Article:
A British start-up company are behind a new revolution in passport control, which could see the end of the passport, and passport control, as we know it.
UK based ObjectTech today formally announced an agreement has been reached between themselves and the Dubai government for the launch of a pilot project to install the world’s first ‘biometric border’. It will see passengers travelling to Dubai able to step off planes and walk straight to baggage reclaim via a short tunnel in which a three dimensional scan of a person’s face is able to instantly check them into the country from an entirely digital passport.
Having been chosen to take part in the Dubai government’s ‘Dubai Future Accelerator’ programme in January, the team at ObjectTech have been working with Dubai’s immigration department (the GDRFA) to apply their technology to the country’s main international airport.
The biometric border system creates an entirely digital passport for each individual. This will not only contain the data currently stored in chips on existing e-passports, but is able to build on it to include anything from fingerprints to iris scans and facial recognition data. The end product, a result of advances in LIDAR technology, is a system able to recognise passengers in record times without them even needing to stop walking.
The new technology goes far further than simply improving the experience of passport control however. A fundamental part of the digital passport is that it protects the privacy of the individual through the creation of what ObjectTech are calling a ‘self-sovereign identity’. This means that, just as with existing physical passports that you keep in your pocket, your digital passport is your data to control. By using a technology called blockchain the information stored in the new digital passports can be trusted by governments and means only you, and the people you specifically permit, can see your data; it’s physically impossible for even ObjectTech to access it. The new digital passports are far more secure, harder to forge and more accurate than the existing passport - and you can’t lose them.
Not only does this technology mean there will no longer be a need to stop at passport control, but it will dramatically reduce the potential for identity fraud. It will also enable people to store more detailed material on their passports in an entirely private way, such as financial information, addresses or location data from a mobile phone. By gathering information on a wide range of digital activity the technology creates an increasingly detailed and precise picture of who you are, to create your personal ‘self-sovereign’ identity. Containing data that can’t be faked or altered, the end result is a digital identity system that is far more secure and useful than a traditional passport.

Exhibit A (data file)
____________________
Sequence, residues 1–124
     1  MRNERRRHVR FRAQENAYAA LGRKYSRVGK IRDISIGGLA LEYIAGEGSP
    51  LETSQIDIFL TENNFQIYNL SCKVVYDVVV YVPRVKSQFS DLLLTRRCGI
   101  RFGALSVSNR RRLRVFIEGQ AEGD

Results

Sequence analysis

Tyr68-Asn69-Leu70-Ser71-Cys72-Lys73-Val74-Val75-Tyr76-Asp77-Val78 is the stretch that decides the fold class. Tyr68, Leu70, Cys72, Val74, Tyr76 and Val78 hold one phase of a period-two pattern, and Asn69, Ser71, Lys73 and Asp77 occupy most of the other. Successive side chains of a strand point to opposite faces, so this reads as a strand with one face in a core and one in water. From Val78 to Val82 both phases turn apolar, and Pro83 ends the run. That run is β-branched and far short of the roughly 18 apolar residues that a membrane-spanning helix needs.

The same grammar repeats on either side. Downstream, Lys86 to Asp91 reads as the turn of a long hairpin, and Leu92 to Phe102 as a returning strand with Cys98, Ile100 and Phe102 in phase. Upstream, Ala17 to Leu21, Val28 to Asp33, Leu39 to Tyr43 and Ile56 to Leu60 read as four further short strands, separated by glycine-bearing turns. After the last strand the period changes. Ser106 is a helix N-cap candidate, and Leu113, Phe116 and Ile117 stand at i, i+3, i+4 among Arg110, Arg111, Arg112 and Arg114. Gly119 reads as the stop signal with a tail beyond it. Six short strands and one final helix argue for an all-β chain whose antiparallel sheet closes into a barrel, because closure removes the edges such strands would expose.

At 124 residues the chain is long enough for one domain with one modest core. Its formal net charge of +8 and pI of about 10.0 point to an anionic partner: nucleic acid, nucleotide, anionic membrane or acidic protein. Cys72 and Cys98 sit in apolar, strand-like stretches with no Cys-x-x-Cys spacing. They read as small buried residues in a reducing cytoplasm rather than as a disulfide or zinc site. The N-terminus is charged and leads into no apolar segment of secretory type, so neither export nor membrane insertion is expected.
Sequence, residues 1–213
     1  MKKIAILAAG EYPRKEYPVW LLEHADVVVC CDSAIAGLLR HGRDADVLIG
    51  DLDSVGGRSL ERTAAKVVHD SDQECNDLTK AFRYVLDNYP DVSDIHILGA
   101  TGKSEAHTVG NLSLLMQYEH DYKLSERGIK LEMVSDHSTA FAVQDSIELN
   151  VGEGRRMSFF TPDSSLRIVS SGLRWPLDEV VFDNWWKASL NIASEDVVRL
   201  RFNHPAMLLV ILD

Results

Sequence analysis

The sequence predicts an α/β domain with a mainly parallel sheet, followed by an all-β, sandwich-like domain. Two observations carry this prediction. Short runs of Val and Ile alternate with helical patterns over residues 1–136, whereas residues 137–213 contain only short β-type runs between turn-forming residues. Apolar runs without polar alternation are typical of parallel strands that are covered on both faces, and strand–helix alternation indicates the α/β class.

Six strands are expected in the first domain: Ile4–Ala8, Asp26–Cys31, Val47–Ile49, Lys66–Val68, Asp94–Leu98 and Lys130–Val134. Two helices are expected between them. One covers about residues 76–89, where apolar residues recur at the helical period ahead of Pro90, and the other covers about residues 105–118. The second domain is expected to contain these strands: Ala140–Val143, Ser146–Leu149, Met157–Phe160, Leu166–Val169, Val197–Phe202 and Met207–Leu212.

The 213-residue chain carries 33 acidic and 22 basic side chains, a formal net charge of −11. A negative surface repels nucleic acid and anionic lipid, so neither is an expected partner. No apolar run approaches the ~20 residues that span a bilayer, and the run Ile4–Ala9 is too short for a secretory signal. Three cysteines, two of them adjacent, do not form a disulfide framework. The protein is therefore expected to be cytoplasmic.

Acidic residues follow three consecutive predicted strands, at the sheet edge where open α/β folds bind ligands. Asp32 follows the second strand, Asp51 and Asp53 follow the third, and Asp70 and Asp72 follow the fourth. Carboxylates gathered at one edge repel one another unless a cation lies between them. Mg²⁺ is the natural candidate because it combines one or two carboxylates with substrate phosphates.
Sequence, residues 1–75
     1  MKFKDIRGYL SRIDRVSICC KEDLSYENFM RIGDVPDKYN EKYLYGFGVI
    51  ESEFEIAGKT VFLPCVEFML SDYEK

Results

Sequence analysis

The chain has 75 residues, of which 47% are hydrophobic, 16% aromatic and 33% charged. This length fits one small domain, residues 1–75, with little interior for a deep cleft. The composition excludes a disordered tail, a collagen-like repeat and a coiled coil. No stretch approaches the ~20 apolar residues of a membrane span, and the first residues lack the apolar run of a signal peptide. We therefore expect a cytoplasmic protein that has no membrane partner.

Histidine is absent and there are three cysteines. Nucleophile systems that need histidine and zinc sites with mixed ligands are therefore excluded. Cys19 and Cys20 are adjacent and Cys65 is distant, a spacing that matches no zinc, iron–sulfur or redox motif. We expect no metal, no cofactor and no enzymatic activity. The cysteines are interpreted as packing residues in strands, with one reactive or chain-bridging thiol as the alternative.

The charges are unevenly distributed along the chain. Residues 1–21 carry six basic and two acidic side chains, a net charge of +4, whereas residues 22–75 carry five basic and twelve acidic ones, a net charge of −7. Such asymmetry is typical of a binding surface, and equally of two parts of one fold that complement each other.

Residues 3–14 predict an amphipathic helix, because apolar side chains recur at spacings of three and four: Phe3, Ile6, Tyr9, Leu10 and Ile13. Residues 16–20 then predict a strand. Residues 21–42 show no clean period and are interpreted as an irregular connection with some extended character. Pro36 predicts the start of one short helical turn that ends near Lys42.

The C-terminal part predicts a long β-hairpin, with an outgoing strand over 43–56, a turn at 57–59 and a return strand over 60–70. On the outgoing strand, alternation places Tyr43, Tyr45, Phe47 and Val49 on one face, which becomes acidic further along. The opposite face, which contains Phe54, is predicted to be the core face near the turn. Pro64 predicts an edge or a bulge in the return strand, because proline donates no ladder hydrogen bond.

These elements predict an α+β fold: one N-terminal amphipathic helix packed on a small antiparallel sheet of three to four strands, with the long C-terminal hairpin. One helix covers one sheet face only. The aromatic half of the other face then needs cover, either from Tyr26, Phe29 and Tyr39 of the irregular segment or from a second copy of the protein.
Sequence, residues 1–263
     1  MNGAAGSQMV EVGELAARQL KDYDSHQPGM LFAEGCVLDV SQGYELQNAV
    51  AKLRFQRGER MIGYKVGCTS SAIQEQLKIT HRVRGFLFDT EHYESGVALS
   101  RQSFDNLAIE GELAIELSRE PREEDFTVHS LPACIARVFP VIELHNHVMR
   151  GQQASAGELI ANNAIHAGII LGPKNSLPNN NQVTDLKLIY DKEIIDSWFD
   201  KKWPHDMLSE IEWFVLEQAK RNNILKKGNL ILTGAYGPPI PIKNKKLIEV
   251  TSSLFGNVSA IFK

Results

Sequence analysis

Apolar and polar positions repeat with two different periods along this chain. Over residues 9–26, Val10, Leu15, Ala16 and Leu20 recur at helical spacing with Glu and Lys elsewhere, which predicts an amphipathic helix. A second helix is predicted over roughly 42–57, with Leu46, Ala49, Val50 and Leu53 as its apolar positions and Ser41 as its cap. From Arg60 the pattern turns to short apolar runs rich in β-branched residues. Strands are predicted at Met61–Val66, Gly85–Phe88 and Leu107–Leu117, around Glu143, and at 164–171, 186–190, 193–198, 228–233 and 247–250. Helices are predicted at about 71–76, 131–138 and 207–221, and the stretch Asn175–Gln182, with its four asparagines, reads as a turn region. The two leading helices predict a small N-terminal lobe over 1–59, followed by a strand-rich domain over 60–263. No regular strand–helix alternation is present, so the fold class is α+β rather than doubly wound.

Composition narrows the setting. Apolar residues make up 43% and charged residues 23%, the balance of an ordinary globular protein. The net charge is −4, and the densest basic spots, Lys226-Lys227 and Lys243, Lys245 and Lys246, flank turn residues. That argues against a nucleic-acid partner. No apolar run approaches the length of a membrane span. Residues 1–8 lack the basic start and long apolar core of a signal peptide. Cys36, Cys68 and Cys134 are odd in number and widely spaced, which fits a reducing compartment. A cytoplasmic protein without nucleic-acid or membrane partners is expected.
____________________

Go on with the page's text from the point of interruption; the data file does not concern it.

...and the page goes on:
Beyond international travel, the technology is able to give people back control of their own digital data. It has the power to dramatically change the way people interact with all manner of services. A bank account could be opened instantly by taking data from a passport, health insurance could be activated in an emergency simply from facial recognition. The system even allows you to personally store all your internet browsing data, rather than allowing companies like Google to store and benefit from it. You could then sell this back to relevant advertisers, should you wish to profit yourself.
“This is an identity that is fit for the digital age. Not only will it make international travel quicker and safer, but it also gives people back control of their personal digital data, which over the last decade is something that has increasingly become the property of third parties. Dubai is really committed to improving the lives of their citizens and visitors through technology and we’re very excited to be a part of making that a reality.” - Paul Ferris, cofounder and CEO of ObjectTech
The Dubai pilot project is due to make its greatest impact by 2020, when 20 million people will be going through this one airport, per month! ObjectTech are now looking for further funding to expand the project into new markets, both geographically and into new sectors.”